God's will is for our sanctification (1 Th. 4:3) and perfection (Mt. 5:48). From His word we know God is light and in Him there is no darkness (1 Jn. 1:5). This means there is no evil or evil intent in God, only goodness, righteousness, and truth. This is how God wants us to be. We are to walk as "children of the light" and have no fellowship with the works of darkness (Eph. 5:8,11). God requires that we change and become holy - "Pursue peace with all and holiness, without which no one will see the Lord" (He. 12:14). Furthermore, in upholding the will of God, we must not become complacent, embarrassed, or give in under pressure before men. This is a lifelong commitment. If we reject the instruction and will of God, we reject Him - "For God did not call us to uncleanness, but in holiness. Therefore he who rejects this does not reject man, but God, who also gives us His Holy Spirit" (1 Th. 4:7,8). Denying Jesus before men (Mt. 10:33), forsaking righteousness under pressure or in tribulation (Mt. 10:22) and lukewarmness about our duty to God (Re. 3:16) prevents sanctification and has "grave" consequences. Remember, only "he who does the will of the Father shall enter the kingdom of heaven" (Mt. 7:21).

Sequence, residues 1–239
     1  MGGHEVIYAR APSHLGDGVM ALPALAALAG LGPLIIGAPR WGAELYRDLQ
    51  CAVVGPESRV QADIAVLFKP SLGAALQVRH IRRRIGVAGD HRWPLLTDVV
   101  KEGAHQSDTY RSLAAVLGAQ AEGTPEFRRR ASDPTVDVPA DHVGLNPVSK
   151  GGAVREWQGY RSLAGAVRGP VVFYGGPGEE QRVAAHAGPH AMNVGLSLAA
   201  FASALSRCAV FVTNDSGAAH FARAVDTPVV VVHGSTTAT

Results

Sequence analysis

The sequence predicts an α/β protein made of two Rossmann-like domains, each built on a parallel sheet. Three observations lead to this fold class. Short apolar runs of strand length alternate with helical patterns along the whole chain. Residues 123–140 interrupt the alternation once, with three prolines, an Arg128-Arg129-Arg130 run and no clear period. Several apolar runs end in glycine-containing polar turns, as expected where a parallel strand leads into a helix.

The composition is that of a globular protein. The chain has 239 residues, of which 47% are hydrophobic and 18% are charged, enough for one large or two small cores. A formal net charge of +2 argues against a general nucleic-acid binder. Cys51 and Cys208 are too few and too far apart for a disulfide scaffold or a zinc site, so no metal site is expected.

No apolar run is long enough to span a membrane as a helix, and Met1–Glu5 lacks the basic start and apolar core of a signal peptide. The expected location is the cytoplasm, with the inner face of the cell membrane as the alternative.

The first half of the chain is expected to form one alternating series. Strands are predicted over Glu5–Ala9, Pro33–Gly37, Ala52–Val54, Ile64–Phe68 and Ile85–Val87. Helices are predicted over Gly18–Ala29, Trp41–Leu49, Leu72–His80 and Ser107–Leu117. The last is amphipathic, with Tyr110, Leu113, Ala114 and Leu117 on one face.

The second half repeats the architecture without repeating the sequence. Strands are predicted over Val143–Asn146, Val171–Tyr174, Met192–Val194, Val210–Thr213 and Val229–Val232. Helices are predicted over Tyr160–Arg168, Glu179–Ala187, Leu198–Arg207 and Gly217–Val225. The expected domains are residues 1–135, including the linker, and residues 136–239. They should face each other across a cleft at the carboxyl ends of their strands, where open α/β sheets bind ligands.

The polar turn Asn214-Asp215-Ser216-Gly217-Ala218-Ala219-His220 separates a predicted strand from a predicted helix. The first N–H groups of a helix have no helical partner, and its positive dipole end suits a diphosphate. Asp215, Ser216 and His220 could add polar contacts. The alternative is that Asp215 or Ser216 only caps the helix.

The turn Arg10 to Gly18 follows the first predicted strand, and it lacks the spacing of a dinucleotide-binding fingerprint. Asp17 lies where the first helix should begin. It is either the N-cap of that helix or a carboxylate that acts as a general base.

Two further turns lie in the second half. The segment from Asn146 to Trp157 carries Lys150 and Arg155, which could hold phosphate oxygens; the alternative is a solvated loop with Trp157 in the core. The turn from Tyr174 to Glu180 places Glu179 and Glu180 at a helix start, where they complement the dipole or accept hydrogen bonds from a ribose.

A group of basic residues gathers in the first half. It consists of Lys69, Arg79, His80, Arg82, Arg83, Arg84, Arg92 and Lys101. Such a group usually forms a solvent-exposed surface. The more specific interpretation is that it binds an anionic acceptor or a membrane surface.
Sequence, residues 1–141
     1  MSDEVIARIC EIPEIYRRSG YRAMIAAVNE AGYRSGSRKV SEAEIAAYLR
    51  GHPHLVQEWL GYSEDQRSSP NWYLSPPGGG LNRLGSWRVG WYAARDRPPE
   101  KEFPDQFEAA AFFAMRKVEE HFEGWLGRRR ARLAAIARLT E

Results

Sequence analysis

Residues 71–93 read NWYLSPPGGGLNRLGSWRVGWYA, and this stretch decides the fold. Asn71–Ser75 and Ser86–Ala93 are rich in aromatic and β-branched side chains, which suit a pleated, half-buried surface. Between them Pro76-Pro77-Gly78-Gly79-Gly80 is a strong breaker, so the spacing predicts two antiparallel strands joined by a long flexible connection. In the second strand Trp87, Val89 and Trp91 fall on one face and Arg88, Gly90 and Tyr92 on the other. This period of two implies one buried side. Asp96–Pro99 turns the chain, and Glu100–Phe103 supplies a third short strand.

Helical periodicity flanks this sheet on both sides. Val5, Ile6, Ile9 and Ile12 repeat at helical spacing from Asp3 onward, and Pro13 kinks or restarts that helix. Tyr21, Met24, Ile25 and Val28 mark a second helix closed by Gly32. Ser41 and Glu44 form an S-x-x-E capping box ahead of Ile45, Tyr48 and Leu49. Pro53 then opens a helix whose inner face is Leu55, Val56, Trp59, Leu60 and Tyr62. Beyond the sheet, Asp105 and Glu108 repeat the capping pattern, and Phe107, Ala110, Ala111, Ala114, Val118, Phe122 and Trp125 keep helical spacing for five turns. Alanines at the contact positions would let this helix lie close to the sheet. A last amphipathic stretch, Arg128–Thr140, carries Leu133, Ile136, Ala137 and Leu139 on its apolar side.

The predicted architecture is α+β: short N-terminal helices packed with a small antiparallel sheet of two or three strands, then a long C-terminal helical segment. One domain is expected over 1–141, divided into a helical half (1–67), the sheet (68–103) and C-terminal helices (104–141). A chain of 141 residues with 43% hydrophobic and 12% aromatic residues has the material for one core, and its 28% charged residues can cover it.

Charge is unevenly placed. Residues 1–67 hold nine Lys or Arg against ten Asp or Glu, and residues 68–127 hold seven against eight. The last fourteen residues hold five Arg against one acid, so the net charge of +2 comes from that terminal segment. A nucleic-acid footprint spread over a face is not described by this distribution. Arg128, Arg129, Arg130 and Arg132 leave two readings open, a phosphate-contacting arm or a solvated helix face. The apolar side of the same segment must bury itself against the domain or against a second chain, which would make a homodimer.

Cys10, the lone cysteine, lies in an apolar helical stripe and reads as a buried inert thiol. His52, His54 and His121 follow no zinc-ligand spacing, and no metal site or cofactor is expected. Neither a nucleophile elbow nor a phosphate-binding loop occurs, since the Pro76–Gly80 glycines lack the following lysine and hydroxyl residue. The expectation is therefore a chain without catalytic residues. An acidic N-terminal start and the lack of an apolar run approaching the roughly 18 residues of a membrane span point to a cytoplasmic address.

Two sources exist that will help us become sanctified. The first is God's word. The word of God is the thought and expression of God and makes up the very essence of God (Jn. 1:1). The Bible is the recorded word of God. To find out what is acceptable to the Lord (Eph. 5:10) and to be wise and understand His will (Eph. 5:17), we must read and study the Bible. Obtaining knowledge through God's word will give us direction by which to live. The word of God cuts through darkness, exposing and separating it, bringing truth that convicts and gives us direction. "For the word of God is living and powerful, and sharper than any two-edged sword, piercing even to the division of the soul and spirit, and of joints and marrow, and is a discerner of the thoughts and intents of the heart." (Heb. 4:12). Applying the information and instruction found in the Bible to our lives will bring us spiritual maturity and righteousness. The Bible is not our only source of help to fulfill that "perfect and acceptable will of God" (Ro. 12:2). Our second source is the Holy Spirit. Jesus promised that a Helper would come, the Holy Spirit, who would bring "all things into remembrance" (Jn. 14:26). Furthermore, God said He would teach us Himself and put His law (or word) in our hearts and minds (He. 8:10,11). Therefore, the Holy Spirit is really God - guiding, teaching and convicting us. Through prayer, we are to call on Him for help. His Spirit will prod our conscience (Ro. 9:1) and convict our hearts. He will show us the good, the righteous, and the truth so we can make proper choices in every aspect of our lives. As we grow in knowledge of God's word and mature through life's trials and tribulations, we will recognize when God speaks to us.